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Life & Work with Julien Briau

Today we’d like to introduce you to Julien Briau.

Hi Julien, so excited to have you on the platform. So before we get into questions about your work-life, maybe you can bring our readers up to speed on your story and how you got to where you are today?
I am an actor originally from France. I was born in Bergerac, a small city in the picturesque South of France. I started acrobatics at a young age and did my first front flip in the sandbox of my elementary school. My dedication deepened at age 11 when I discovered Breakdance. This opened many doors to me into Parkour/Freerunning, Martial Arts, Stunt and Acting. There weren’t many classes happening in sleepy Bergerac (population of 27ooo). Carried by my motivation and ambition, I self-taught and held myself to the highest standards of practice, usually on the streets. I left my family and my country France at age 22 and became an international performing artist.

I am a two times nominee at the prestigious Screen Actors Guild Awards for my stunt performances on Dunkirk and Mission Impossible: Fallout. Back to before I left France, I was competing in Breakdance battle in Europe and I was studying to be an aerospace mechanical engineer. 2011 has been an incredible turnaround for me, I dropped my third year of engineering and took a risk to be a full-time artist. I got my first audition to work as a dancer in a Cabaret in the south of France. At the end of this gig, the aircraft company “Airbus” proposed me to be an inspector quality on the biggest airline aircraft, the A380. I refused the job and moved to Paris to work as a comedian in the theme park “Astérix Park”. Six months after my Cabaret’s first audition, I was offered a supporting role on the world tour show “How to train your dragon live spectacular”, a Dreamworks SKG production of 60 millions dollars.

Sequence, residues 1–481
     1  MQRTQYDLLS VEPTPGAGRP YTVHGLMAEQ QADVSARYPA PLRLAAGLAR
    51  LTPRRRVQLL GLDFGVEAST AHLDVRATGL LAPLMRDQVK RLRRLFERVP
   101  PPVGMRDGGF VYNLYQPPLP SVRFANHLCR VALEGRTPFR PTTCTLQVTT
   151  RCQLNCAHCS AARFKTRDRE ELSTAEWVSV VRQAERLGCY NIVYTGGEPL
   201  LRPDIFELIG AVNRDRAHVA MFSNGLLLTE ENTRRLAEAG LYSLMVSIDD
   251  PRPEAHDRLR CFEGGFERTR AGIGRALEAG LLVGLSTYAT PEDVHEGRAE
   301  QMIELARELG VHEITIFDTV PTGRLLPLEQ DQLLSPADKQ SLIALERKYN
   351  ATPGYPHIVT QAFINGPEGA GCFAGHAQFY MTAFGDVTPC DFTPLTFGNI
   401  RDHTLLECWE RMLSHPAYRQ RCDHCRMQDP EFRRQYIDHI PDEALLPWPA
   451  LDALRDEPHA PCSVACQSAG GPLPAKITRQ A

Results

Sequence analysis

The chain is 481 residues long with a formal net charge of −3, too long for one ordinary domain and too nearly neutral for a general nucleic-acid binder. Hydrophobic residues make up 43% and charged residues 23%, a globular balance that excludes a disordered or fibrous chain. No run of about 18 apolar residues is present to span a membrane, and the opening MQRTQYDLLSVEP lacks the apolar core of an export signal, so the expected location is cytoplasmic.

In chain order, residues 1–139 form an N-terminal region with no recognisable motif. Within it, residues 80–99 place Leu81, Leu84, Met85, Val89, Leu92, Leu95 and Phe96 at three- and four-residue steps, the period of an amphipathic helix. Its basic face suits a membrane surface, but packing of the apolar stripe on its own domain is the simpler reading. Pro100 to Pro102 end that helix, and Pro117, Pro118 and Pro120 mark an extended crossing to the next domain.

When I started the rehearsal in 2012 in Australia, I couldn’t speak English, I sincerely thought they will fired me, but they eventually kept me and I was able to learn English at the same time. After nearby 200 shows through USA, Canada, Australia and New Zealand, we did our last show in Los Angeles and I fell in love with California. I decided to stay in Los Angeles, I got a new artist visa O-1 and signed with my first agency. I started working on multiple mediums ranging from film, tv and commercial to theater, print, music video and industrial. In 2016, I got really serious with being a stuntman and that same year, I worked on Dunkirk with Christopher Nolan. I was actually that soldier in this prestigious one shot’s bombarding scene, exploding after 14 explosions coming straight to me and the main actor. That Dunkirk moment was described by Quentin Tarantino as maybe the greatest shot in war movie history. I then worked again as a stuntman on Mission Impossible: Fallout. I had the opportunity to watch Tom Cruise act and handle his own stunts, and I gained inspiration to realize that this is what I wanted to do for a long time.